- Partnership set to grow rugby for development and gender equality initiatives in Oceania and beyond
- ChildFund become first ever charity partner for the women’s edition of a Rugby World Cup
- Rugby fans will have the opportunity to opt in to donate when purchasing match day tickets
- Appointment builds on record-breaking success of previous partnership for Rugby World Cup 2019 in Japan where £2 million was pledged by rugby fans to support ChildFund’s rugby for development programmes and Typhoon Hagibis disaster relief
- Rugby World Cup 2021 hosted by New Zealand set to take place 8 October – 12 November 2022 in Auckland and Whangārei
World Rugby has announced the appointment of international development agency ChildFund as the principal charity partner for Rugby World Cup 2021, playing in 2022, a first in the history of the premier women’s 15s event.
Rugby fans will have the opportunity to engage with and support the work of ChildFund Rugby, ChildFund’s dedicated rugby for development unit, via an opt in mechanism to donate when purchasing match day tickets, with funds raised through the partnership supporting the expansion of rugby for development programmes in Oceania. With a focus on gender equality initiatives, ChildFund works with partners, including Oceania Rugby, to provide vulnerable girls and women with opportunities to learn skills to overcome challenges and be active leaders in their communities.
World Rugby Chief Executive Officer Alan Gilpin said: “We are delighted to be extending our association with ChildFund, this time as principal charity partner for Rugby World Cup 2021. The tournament will showcase rugby’s unstoppable women as they compete at the highest level.
“Importantly, it will also generate an incredible legacy by supporting a new generation of female players and leaders in Pacific Island nations through ChildFund’s significant contribution to rugby for development programmes in the Oceania region.”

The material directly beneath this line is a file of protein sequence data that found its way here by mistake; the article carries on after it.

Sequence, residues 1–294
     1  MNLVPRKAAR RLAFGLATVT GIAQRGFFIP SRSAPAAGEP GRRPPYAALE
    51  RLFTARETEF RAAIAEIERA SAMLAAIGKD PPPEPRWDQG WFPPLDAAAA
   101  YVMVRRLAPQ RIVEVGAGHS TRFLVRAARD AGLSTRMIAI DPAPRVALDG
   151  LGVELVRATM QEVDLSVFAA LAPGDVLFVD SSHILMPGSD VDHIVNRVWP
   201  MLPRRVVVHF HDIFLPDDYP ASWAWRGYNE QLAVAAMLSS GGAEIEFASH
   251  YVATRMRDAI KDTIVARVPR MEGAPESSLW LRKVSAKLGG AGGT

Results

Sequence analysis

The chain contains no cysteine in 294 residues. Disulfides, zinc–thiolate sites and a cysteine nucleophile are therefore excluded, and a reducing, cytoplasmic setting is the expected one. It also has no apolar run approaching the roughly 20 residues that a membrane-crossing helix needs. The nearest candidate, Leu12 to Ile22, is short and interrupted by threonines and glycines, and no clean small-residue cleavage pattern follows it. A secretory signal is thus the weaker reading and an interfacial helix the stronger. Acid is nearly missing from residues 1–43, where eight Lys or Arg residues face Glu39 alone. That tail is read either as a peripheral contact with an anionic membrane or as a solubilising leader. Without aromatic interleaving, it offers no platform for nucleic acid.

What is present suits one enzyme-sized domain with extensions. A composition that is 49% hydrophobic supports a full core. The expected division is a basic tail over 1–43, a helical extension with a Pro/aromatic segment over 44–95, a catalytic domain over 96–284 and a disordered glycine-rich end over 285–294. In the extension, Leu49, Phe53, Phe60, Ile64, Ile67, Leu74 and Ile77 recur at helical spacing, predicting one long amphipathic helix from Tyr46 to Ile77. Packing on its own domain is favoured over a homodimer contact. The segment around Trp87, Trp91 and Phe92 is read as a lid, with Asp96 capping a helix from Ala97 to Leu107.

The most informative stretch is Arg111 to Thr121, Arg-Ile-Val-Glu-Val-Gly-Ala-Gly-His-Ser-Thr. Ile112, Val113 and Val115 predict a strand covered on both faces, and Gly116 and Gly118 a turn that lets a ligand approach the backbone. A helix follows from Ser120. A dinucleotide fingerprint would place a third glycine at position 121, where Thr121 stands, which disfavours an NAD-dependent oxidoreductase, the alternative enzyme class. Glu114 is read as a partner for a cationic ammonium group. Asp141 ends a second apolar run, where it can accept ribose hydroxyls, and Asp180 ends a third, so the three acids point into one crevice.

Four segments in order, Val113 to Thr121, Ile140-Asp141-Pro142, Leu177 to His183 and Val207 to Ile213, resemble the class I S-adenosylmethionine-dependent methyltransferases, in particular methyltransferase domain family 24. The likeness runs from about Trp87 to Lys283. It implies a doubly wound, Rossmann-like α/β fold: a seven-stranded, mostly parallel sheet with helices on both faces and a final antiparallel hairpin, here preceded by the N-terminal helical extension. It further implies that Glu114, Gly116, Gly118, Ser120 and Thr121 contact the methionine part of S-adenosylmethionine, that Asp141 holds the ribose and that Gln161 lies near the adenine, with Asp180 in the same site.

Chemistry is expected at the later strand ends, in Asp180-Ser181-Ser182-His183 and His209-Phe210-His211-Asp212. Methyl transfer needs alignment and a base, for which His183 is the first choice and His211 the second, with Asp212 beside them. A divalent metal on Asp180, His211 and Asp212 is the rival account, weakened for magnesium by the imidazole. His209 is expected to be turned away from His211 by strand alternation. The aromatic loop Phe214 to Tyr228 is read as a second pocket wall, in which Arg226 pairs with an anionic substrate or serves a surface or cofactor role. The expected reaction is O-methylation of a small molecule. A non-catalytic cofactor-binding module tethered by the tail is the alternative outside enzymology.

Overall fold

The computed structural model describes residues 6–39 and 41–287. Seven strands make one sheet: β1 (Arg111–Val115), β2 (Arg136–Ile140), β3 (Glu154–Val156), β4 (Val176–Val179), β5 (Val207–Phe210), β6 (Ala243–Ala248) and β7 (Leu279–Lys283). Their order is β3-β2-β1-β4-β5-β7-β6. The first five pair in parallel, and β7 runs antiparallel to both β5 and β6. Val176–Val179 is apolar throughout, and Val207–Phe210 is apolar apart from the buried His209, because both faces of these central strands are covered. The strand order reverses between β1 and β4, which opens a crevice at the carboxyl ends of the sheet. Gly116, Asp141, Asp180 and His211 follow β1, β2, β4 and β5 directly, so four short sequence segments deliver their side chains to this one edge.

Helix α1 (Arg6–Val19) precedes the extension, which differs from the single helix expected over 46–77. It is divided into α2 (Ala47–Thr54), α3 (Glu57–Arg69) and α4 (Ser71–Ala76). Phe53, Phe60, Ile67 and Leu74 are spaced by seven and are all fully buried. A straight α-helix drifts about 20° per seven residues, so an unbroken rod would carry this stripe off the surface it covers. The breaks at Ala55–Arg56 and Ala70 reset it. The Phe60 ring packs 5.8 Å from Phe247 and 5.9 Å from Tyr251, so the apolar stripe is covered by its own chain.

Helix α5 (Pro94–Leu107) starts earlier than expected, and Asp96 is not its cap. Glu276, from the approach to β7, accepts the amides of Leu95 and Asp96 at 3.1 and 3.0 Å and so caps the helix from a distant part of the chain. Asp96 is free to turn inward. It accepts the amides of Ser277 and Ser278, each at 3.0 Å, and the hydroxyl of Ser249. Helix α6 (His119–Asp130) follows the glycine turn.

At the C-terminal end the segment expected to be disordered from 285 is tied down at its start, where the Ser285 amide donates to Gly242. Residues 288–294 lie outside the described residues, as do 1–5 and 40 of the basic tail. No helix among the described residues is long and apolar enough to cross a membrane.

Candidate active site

Through a ground-breaking partnership at RWC 2019, a record-breaking £2 million was pledged by rugby fans globally to ChildFund, providing more than 25,000 children from disadvantaged communities in Asia with the opportunity to take part in ChildFund’s Pass It Back programme across Asia, teaching life skills through rugby with the support of Asia Rugby.
Funds raised were also used to support local communities in Japan with the rebuilding effort following the devastation caused by Typhoon Hagibis during the tournament.
ChildFund Rugby’s development programmes not only promote the right to play in communities where children have little or no access to organised sport, but provide important learning opportunities around leadership, problem-solving, gender equality, relationships, conflict-resolution, and planning for the future.
With a strong focus on gender equality, a strategic objective shared by World Rugby, over half of all participants and rugby leadership roles are female, challenging gender stereotypes.
ChildFund Alliance Chair Simon Whyte said: “ChildFund is excited to again be partnering with World Rugby to change children’s lives through sport.
“Over 31,000 children and young people have benefitted from their involvement in ChildFund’s rugby for Development programs, which are highly successful in providing critical learning opportunities for children facing significant challenges linked to poverty and inequality.
“As part of this, 6,000 children have participated in Reconnect, a COVID-19 early response initiative developed by ChildFund which supports positive responses among young people to the challenges of the pandemic.
“ChildFund’s rugby for development programs also support global efforts to achieve gender equality, reduce inequality, and end gender-based violence, reflecting targets within the UN Sustainable Development Goals.”